Burgeoning Festival Scene
In a one-year pilot project funded by the Endowment's Folk Arts Program and designed to test the local blues market, Evans is producing singles by five northern Mississippi singers—Jessie Mae Hemphill of Como, Ranie Burnette of Senatobia, R.L. Burnside of Cold-water, and Raymond and Lillie Hill of Clarksdale—performing both traditional and original numbers that they are identified with locally. With titles like "Hungry Spell," "Bad Luck City," "Cotton Fields—Boss Man," and "Standing in My Doorway Crying," the songs, new and old, reflect the pain and hard times that gave birth to the blues.
Starting with a thousand copies of each record, Evans is targeting distribution not just to radio stations, jukebox companies, and record stores in northern Mississippi but also to the general stores and Western Auto stores where the musicians and their friends trade. In Clarksdale, the public library, which has a blues museum, has scheduled a reception and autograph party for the town's new recording personalities, Raymond and Lillie Hill. Evans also plans to tap the national and international market through ads and reviews in blues and folklore journals, but he expects that "at least half the sales will be local. The mail-order distribution will be gravy that helps make the project feasible."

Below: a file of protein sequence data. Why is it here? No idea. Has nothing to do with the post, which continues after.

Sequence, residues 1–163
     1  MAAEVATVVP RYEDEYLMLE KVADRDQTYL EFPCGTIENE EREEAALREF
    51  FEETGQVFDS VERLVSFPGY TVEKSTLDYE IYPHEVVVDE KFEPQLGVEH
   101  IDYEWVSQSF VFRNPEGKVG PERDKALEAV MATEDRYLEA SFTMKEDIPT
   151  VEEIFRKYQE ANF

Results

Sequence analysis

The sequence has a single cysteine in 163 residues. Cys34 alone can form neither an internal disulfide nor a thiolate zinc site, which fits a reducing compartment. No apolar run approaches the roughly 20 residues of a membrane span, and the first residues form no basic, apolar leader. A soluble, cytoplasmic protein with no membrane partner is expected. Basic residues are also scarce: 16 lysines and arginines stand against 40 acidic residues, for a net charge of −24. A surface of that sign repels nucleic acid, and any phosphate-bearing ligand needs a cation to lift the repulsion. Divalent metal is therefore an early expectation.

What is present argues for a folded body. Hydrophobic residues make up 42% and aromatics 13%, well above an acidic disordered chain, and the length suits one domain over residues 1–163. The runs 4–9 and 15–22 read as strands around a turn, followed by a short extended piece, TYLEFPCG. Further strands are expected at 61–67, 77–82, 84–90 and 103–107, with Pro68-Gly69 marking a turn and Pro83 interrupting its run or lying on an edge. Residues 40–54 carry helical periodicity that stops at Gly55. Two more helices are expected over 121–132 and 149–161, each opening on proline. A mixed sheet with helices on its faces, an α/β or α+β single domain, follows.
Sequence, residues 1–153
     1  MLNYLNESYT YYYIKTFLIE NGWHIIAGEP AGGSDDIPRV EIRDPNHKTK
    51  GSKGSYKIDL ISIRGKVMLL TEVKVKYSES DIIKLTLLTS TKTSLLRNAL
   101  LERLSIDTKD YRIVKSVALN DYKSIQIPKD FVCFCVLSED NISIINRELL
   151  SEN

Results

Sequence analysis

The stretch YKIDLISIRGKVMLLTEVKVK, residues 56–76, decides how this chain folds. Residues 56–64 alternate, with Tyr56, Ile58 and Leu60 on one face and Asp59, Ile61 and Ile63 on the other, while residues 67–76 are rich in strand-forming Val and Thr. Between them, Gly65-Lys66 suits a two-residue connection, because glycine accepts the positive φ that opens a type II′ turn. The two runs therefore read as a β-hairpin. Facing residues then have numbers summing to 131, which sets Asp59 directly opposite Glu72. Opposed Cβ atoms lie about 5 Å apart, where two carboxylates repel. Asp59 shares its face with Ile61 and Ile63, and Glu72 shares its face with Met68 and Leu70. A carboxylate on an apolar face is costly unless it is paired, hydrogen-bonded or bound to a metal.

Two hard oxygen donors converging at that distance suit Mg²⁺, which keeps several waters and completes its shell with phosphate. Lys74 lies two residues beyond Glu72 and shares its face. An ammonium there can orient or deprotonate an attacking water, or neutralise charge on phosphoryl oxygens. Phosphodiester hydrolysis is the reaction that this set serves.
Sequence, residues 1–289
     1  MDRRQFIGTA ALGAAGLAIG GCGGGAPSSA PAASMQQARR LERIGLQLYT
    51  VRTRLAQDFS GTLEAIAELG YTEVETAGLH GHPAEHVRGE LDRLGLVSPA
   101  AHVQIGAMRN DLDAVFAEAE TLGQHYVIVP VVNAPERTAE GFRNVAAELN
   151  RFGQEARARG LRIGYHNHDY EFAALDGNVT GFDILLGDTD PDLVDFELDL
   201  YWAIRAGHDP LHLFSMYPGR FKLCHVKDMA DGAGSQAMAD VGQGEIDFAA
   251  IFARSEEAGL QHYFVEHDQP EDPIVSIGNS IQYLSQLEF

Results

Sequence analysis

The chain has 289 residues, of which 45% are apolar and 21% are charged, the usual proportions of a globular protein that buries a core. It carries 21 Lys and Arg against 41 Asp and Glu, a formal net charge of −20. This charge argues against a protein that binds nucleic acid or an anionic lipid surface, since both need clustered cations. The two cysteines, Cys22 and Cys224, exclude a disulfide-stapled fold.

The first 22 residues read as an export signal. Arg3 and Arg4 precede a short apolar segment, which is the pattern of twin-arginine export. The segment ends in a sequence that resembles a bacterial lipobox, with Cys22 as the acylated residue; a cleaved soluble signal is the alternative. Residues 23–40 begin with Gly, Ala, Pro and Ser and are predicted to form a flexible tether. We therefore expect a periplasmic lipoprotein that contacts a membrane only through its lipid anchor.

The idea, Evans says, is to foster appreciation of the blues, especially among younger people, and to bring some prestige and income to the singers. "It should have a great impact in the community that a local person has a record out that is available locally and that can be heard on the radio or the jukebox," he says, "I hope the project will generate enough income for us to press more copies and to produce new records. I hope, too, that it will have enough success to stimulate some of the commercial companies to get more involved in the blues."